Puslapio vaizdai
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As masterly as he; meer prattle, without practice,
Is all his foldierfhiphe had th' election;
And I, of whom his eyes had feen the proof
At Rhodes, at Cyprus, and on other grounds
Christian and heath'n, must be belee'd and calm'd (5)
By Debitor, and Creditor, this Counter-cafter;
He, in good time, muft his lieutenant be,

And I, (God blefs the mark !) his Moor-fhip's Ancient.
Rod. By heav'n, I rather would have been his hangman.
Iago. But there's no remedy, 'tis the curfe of fervice;
Preferment goes by letter and affection,

And not by old gradation, where each fecond-
Stood heir to th' firft. Now, Sir, be judge your felf,
If I in any juft term am affign'd

To love the Moor.

Rod. I would not follow him then.
Iago. O Sir, content you;

But now let me proceed to explain, why I have ventured to fubftitute Counsellor's in the Room of Confuls: and then, I hope, the Alteration will not appear arbitrary. The Venetian Nobility, 'tis well known, conftitute the great Council of the Senate, and are a Part of the Administration; and fummon'd to affift and counsel the Doge, who is Prince of the Senate; and, in that Regard, has only Precedency before the other Magiftrates. So that, in this Refpect, they may very properly be call'd Counsellors. Again, when the Officer comes from the Duke to Brabantio, in a subsequent Scene of this Act, he says,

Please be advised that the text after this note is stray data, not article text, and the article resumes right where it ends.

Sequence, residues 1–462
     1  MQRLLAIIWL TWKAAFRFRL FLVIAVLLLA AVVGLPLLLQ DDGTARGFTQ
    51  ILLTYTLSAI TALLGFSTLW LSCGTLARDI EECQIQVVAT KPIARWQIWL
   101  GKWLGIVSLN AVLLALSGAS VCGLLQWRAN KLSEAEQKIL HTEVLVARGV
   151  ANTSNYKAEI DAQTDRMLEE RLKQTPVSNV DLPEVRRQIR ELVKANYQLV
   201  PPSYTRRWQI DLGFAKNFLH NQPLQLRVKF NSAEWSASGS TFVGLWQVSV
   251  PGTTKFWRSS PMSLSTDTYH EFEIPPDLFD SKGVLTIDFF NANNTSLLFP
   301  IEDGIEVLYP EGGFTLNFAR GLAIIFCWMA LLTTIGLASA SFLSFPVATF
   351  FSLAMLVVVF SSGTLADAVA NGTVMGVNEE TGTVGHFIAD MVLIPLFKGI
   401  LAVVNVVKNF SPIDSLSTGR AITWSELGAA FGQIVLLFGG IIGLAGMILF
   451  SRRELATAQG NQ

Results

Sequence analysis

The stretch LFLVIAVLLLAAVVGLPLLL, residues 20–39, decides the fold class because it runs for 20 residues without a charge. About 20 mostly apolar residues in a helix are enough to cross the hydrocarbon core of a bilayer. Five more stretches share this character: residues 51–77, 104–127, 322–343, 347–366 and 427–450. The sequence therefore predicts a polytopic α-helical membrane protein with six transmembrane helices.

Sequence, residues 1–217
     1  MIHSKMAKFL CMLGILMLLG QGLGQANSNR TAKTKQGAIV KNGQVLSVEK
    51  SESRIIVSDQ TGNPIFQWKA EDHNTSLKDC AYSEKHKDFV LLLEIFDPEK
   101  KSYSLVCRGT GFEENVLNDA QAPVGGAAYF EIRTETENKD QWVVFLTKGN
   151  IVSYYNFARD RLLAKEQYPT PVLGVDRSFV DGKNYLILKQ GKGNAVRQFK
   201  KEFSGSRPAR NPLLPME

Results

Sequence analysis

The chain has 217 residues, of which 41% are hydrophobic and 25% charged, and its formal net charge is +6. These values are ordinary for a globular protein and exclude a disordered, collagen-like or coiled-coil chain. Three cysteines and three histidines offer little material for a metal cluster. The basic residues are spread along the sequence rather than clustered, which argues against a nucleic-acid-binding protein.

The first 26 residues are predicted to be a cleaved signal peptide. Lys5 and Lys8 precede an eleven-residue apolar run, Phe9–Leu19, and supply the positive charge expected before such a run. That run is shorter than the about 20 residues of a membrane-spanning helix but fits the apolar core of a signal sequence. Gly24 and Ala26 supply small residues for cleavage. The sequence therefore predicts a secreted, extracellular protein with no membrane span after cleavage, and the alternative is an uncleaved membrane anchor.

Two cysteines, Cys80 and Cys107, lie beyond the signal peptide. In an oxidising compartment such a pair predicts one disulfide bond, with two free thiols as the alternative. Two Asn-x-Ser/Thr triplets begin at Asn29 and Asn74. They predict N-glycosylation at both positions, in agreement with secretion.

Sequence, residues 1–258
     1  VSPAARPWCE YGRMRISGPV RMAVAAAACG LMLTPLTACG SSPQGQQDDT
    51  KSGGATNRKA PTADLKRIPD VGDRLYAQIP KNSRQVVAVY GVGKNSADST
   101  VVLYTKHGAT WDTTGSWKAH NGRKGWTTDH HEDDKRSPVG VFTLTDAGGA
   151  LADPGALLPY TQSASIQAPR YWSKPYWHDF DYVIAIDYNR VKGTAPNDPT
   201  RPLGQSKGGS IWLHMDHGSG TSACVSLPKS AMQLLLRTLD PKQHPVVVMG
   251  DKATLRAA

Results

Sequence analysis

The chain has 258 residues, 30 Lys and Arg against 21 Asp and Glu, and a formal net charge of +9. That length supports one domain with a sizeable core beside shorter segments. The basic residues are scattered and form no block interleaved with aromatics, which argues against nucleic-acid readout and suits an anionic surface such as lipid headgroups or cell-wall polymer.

The Duke's in Council, and your Noble felf,...

I'm fure, is fent for.

And when Brabantio comes into the Senate, the Duke fays to him;
We lack'd your Counsel, and your Help to Night.

Now Brabantio was a Senator, but no Conful. Befides, tho' the Government of Venice was Democratic at firft, under Confuls and Tribunes; that Form of Power has been totally abrogated, fince Doges have been elected: And whatever Confuls of other States may be refident there, yet they have no more a Voice, or Place, in the publick Councils, or in what concerns Peace or War; than foreign Ambaffadors can have in our Parliament.


(5) Must be led and calm'd.] There is no Confonance of Metaphor in these two Terms. I have chofe to read with the first Folio, and several other of the old Editions. Belee'd is a Sea-Term as well as calm'd; and a Ship is faid to be belee'd, when the lies clofe under the Wind, on the LeeShore; makes no Sail,